And then I think of all those people who believed in the golden dawn of a new empire that Brexit sold them, and who are becoming increasingly disillusioned by the day. I think of the ordinary people, the cannon fodder, who were and are the acceptable sacrifice in this particular battle. I think of their losses. I think of the houses, the jobs, the university funding, the careers that are winking out in front of people’s eyes. I think of those who believed they could gamble this future because they had nothing to lose, and what they will think this time next year about that loss, and that future. I think of the racist hate crime, up by 500% in ten days. I think of the fear of the future, and the uncertain times we live in, steered by nobody, to nowhere. I think of those people who do not have stock brokers, or a financial cushion to break their fall. I think of George Osborne getting back on his podium and telling us that we must tighten our belts again, that we must face more austerity in order to reap the rewards later, and I wonder how for how many of those people later will be too late.

I thought about all this on Friday, and I wept.



54 responses to “Sacrifice

  1. I am overwhelmed by the same thoughts, even though in a totally different context. I think this time we are living is making History, even though we still don’t get it completely. We are into the mass, each of us being 1 small piece of a big big picture which we’ll maybe clearly see only in a distant future.

  2. absolutely!!

  3. Well said Katy…I imagine there is a lot of weeping going on at the moment.

  4. Carole Chiverton

    Katie you put into words exactly my sentiments, I to was greatly moved by last Friday, also drawing comparisons and wondering what we just haven’t learnt this century. Thank you for putting it into words.

  5. Brilliant. Thank you

  6. Spot on Katy.

    Ten days in and it feels even more as though the lunatics have taken over the asylum and thrown our world – not just this country – into some kind of parallel-universe.

    I’m in my 50’s and find it hard to believe that our younger citizens show more common-sense and understanding than my generation and that of my parents, who after living through WW2 – really ought to be extolling the virtues of being part of a progressive Europe rather than pushing us back into a Europe from 1932.

  7. How right you are Katy. I wish you weren’t, but you are. You are also spot on in your analysis of WW1 – aspects of which I studied at Uni many years ago, and other aspects of which I read extensively about for a thesis a couple of years ago. It is heartbreaking, because despite all our progress, we, as the masses, are still invisible and still cannon fodder. What makes it even worse is that so many people are now starting to react with ‘I’m bored with the referendum now, can’t we just move on?’
    Move on where, I wonder?
    The outcome of Brexit isn’t just going to go away. A little shake and life resumes as normal.
    Sometimes, as ‘masses’, we deserve to be regarded as cannon fodder if our collective ‘boredom’ kicks in within nano seconds of any event, whether it’s trivial or, as in this case, lifechanging.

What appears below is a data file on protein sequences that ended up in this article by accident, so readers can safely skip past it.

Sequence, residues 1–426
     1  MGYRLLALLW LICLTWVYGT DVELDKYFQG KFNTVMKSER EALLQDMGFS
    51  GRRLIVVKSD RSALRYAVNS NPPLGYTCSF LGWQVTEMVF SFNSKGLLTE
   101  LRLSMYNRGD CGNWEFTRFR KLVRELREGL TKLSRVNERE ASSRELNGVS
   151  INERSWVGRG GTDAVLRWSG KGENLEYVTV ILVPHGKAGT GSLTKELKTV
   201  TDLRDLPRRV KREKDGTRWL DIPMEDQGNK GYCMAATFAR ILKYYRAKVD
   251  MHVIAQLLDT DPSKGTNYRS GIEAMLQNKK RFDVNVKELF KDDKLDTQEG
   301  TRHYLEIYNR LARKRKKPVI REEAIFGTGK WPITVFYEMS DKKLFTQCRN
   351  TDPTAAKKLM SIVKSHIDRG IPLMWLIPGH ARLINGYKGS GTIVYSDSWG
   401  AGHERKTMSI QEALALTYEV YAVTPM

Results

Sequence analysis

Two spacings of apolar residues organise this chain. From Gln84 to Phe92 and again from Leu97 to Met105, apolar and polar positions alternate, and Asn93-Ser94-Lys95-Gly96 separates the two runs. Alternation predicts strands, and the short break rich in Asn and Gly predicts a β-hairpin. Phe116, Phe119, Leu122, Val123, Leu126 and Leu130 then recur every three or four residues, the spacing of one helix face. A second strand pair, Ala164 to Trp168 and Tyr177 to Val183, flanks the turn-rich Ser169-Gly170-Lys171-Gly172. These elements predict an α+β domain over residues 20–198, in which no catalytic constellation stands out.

8. Absolutely brilliant piece of writing. Should be required reading for all those who say they represent us.

  9. Indeed.
    Have you come across this article, Katy? Terrifying – and a similar riff.

  10. Boris has bailed, Gove has cut his own throat and is slowly bleeding to death, and now Farage has bailed. If only these three had done so two weeks ago what a different world it would be. Yes I do mean world……..

  11. Well said Katy. And Osbourne now want’s to cut corporation tax – good for the 1% – hurrah, we should doff our hats and be grateful (sarcasm alert)

  12. frenchbrandywine

    Thank you. A wonderful piece to join others which continue to make me feel so grateful that people such as you are able to put what I know and feel into words.

  13. Sadly I have to agree with you, and thankyou for putting into words yet again the sick feeling of fear in the pit of my stomach not only for my children’s future but for our immediate future. Have lost any remaining faith in the so-called leadership of this fast-unravelling country…

  14. frenchbrandywine

    I forgot to say, I weep with you.

  15. Oh Katy, I hate to lower the mood even further but I’d like to add two more thoughts that I had when watching the “We are Here” project.

    First is that despite us honouring those returning soldiers, holding them up as banners of loyalty, sacrifice and so on that we’ve done over the past 100 years, the reality is when they came home from the trenches, their government and country turned their backs on them. No help with housing, welfare, pensions and those unlucky enough to come back emotionally and physically scarred for life were abandoned to make their own way in a country facing debt and depression. Squandered on the battlefield at the hands of often inept generals playing like little boys knowing that if they damage their tin soldiers they will get more for birthdays and Christmas, and then discarded to make their own way when they got home. I remember when moving to the UK in the late 80s being horrified and puzzled that WWI veterans would come through the cinema shaking boxes for donations to support the infirm and poor from their colleagues of those glorious ranks, to have a holiday somewhere nice for a week. We have a great way of treating our hero’s.

    Secondly, the treatment of the winners to the losers resulted in the most spectacular war where those who had fought in the first had the glory of seeing their children going to fight in a second. The punitive and vindictive measures of the victors, which I will admit also came from fear as much as revenge, ensured two generations of poverty, fear, anger and revenge of their own.